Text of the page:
Aim: Gingival crevicular fluid (GCF) is regarded as a promising medium for detection of markers of periodontal disease activity. Very few investigators have examined concentration of electrolytes in GCF, but most results are not in agreement to one another. This study was undertaken with an objective of quantitative estimation of sodium, potassium and calcium concentrations of GCF in gingivitis and periodontitis, to find the reliability of these ions as diagnostic markers and to analyze the relation of these ions to one another. This will indicate stage of disease activity which helps in early diagnosis, prevention and treatment of periodontal diseases. Materials and Methods: The patients selected for the study included both sexes, aging from 18 to 55 years, divided into two groups: gingivitis (group I) and periodontitis (group II). Using volumetric microcapillary pipette, 5 μl GCF was collected for quantitative analysis of sodium, potassium and calcium using flame photometry. Results: The concentrations of sodium, potassium and calcium in GCF and their significant correlation with gingival index and pocket depth measurements reflect the clinical status of gingival and periodontal tissues. Conclusions: Estimation of these electrolytes may be used as potential diagnostic markers of active disease status in periodontal tissues and to predict the effective methods of prevention and treatment.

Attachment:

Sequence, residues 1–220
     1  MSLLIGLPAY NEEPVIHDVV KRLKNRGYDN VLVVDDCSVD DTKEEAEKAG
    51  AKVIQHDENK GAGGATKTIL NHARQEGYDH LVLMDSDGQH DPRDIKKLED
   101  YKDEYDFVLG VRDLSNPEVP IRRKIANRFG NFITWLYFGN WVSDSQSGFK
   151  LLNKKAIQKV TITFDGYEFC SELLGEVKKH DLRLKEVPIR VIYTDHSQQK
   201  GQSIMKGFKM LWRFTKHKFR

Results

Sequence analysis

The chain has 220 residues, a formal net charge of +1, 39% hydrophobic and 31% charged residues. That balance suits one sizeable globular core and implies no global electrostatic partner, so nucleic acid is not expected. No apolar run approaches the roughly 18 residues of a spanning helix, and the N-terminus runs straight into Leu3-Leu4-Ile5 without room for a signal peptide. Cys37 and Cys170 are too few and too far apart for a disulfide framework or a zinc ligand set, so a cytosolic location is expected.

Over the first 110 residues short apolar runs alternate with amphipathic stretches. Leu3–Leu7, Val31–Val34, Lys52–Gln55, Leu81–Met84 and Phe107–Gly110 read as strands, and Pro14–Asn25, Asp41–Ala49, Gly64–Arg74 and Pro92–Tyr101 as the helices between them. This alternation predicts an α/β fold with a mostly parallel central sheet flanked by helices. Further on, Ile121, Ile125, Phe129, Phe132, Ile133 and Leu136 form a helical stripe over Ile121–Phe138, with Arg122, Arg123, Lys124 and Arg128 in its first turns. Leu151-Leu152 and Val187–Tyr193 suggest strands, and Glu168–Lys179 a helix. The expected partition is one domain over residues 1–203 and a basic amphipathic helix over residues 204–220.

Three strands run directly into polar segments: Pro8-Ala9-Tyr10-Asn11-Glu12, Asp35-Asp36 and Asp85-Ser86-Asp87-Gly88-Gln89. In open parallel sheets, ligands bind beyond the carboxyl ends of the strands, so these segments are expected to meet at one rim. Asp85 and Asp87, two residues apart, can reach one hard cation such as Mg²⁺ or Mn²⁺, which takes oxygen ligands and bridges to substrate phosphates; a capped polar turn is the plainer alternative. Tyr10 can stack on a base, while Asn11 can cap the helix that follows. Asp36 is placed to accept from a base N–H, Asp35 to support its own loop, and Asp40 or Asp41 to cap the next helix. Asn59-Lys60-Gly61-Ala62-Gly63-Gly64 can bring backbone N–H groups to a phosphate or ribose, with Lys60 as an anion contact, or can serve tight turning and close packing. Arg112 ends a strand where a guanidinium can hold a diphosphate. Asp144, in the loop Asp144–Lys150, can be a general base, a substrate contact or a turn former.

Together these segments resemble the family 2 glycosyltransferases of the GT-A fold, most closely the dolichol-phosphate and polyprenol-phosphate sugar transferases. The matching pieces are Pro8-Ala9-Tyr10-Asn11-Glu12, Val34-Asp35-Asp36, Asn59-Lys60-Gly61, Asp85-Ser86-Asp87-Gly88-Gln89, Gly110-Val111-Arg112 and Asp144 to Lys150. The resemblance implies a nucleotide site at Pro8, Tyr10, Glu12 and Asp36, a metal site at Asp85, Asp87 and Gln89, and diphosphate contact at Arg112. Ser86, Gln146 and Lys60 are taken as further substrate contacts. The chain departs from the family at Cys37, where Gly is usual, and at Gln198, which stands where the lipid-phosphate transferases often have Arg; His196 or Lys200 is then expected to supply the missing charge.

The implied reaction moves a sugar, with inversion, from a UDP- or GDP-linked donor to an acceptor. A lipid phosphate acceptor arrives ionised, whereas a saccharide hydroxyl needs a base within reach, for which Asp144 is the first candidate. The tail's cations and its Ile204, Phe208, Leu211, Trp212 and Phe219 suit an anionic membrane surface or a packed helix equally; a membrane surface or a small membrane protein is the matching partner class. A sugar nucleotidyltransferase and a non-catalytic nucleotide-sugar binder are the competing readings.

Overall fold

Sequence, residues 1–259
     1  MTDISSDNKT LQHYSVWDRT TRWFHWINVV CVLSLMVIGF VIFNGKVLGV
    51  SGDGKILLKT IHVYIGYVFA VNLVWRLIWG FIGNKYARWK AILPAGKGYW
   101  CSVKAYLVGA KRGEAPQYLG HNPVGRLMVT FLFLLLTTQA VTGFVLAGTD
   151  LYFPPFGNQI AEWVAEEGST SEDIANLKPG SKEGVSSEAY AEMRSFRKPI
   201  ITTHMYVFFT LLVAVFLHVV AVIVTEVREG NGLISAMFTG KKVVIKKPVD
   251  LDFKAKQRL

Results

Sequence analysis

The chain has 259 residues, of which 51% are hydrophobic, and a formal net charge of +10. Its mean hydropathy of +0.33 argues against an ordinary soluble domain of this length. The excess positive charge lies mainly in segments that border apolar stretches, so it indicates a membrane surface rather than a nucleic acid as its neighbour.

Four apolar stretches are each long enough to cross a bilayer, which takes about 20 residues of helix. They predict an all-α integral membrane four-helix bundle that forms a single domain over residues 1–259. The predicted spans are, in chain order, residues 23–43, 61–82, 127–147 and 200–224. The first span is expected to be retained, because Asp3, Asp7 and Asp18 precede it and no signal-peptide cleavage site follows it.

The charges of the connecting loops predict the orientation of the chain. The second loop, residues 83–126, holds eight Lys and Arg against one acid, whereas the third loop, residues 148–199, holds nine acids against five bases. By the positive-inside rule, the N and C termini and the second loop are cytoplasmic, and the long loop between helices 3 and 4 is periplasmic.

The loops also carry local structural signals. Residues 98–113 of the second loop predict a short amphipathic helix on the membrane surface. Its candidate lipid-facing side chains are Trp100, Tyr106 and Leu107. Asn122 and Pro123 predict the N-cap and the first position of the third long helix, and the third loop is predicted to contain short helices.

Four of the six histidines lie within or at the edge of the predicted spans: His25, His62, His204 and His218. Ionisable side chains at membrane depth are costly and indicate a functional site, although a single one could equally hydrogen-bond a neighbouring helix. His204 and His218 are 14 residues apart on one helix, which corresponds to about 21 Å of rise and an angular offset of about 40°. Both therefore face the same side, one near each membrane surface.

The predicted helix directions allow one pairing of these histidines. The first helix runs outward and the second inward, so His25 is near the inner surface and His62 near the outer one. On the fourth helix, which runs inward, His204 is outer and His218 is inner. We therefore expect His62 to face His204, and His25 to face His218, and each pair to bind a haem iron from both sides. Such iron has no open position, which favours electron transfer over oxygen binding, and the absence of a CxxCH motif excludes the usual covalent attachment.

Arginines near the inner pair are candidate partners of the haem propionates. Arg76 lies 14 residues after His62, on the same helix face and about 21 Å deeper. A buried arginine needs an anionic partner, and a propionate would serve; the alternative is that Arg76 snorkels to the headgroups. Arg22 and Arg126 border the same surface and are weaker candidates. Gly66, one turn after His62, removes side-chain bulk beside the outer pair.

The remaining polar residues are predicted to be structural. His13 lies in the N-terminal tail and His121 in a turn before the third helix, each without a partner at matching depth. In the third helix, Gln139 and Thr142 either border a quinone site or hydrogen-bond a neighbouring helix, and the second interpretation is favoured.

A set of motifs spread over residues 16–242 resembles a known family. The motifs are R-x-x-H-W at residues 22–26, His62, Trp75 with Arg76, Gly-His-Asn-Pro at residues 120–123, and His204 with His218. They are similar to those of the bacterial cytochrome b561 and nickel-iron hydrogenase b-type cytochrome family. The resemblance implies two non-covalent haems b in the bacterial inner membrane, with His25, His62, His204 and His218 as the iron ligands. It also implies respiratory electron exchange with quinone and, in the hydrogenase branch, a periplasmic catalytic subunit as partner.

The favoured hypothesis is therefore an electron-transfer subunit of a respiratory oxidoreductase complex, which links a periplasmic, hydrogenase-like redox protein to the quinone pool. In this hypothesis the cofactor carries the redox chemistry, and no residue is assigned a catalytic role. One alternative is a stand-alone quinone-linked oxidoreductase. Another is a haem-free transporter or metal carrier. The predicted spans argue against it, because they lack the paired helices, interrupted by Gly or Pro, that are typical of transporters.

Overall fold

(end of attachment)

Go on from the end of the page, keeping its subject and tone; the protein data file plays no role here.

Keywords: Biochemical markers, disease activity, electrolytes, gingival crevicular fluid, periodontitis